Monitor patient for signs and symptoms of respiratory depression
Monitor patients for signs and symptoms of Serotonin Syndrome
Monitor patients with a history of alcoholism and drug abuse
Monitor patients with hepatic impairment for toxic effects
Monitor patients with renal impairment for toxic effects
Potential for drug abuse
Reassess need for continued treatment at regular intervals
Tolerance and dependence may occur
When used with SSRIs, risk of Serotonin syndrome
Advise patient that increased temperature increases delivery rate
Advise patient to stop medication & contact GP if signs of opioid toxicity
Potential for withdrawal symptoms
Avoid abrupt withdrawal
Discontinue if paralytic ileus is suspected
Discontinue if serotonin syndrome develops
Consider dose reduction in hepatic impairment
Consider dose reduction in renal impairment
Consider dose reduction or alternative opioid in cases of hyperalgesia
Consider reducing dose in elderly
Advise patient not to take St John's wort concurrently
Advise that effects are potentiated by CNS depressants (including alcohol)
The use of fentanyl patches in opioid naive patients is contraindicated as the use of fentanyl patches in opioid-naive patients has been associated with very rare cases of respiratory depression and/or fatality when used as initial opioid therapy, even with the lowest dose. It is recommended that fentanyl patches should be used in patients who have demonstrated opioid tolerance.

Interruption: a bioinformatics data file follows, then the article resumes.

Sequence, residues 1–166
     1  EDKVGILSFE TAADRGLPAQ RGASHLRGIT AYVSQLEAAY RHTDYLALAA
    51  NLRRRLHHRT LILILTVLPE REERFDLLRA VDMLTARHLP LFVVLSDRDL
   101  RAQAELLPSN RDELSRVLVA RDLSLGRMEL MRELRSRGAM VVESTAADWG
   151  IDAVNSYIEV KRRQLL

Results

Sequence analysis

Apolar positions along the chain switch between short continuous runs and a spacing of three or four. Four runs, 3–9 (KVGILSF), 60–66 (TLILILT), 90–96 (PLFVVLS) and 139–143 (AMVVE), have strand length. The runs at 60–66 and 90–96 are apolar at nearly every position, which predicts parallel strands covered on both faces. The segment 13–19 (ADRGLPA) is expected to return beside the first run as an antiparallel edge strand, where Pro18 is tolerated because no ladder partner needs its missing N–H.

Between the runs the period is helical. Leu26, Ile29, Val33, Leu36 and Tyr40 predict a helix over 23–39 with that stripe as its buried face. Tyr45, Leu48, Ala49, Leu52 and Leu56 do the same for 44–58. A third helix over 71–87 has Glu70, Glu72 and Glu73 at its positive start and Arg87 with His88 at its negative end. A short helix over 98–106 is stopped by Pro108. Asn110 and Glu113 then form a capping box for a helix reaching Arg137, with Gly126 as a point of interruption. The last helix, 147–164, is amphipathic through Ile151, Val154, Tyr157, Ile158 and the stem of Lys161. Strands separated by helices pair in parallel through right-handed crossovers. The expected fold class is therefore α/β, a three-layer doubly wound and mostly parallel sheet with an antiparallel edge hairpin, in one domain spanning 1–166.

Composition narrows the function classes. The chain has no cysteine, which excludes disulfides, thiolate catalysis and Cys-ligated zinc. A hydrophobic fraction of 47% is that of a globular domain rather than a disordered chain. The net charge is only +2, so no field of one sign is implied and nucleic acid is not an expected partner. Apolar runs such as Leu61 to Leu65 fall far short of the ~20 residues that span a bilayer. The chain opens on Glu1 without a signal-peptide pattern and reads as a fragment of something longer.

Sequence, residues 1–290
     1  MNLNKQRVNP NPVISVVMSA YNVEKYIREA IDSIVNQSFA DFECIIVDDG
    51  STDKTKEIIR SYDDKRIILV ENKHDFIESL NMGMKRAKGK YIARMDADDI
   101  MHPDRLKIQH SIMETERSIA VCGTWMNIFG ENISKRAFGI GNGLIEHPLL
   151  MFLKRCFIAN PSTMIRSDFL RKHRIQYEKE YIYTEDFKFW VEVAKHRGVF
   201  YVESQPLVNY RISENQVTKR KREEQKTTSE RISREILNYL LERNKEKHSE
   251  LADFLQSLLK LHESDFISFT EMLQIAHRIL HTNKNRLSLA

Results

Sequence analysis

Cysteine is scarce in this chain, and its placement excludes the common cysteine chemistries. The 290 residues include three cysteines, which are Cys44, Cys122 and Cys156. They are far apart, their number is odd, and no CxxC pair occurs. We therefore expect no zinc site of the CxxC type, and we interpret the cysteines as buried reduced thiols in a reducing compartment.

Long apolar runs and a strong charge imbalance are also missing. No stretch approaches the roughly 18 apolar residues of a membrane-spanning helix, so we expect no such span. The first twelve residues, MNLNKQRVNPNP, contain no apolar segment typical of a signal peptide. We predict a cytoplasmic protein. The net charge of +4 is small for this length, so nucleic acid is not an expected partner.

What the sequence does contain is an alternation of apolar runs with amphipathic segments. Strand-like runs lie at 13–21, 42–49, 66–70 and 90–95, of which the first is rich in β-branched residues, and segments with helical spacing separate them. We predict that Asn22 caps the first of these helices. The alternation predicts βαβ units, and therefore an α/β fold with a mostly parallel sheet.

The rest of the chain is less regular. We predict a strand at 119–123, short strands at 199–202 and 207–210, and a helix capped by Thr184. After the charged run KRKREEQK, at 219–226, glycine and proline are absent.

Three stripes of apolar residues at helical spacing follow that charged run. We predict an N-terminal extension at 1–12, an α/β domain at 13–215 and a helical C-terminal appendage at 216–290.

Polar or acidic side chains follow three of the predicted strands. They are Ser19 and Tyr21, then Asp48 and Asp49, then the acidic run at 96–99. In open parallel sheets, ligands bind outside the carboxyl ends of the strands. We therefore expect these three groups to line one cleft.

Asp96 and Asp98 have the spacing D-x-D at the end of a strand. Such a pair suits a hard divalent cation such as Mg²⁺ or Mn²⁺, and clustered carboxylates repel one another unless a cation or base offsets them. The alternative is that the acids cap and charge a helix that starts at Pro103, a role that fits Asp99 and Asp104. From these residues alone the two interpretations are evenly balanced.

Some patients may experience significant respiratory depression which may persist beyond the removal of the fentanyl patch. Patients who have experienced serious adverse events should be monitored for up to 24 hours after removal of the patch since serum fentanyl concentrations decline gradually with mean terminal half life ranging from 17 to 25 hours.
Fentanyl exhibits an additive effect with other CNS depressants. Prescribe at lowest dose and monitor for signs of respiratory depression and sedation.
Hyperalgesia may occur in patients on long-term opiod therapy, this may be distinct from disease-related pain progression or to breakthrough pain due to opioid tolerance. Hyperalgesia symptoms may be resolved by reducing opioid dose.
Pregnancy and Lactation
Use fentanyl patches with caution during pregnancy.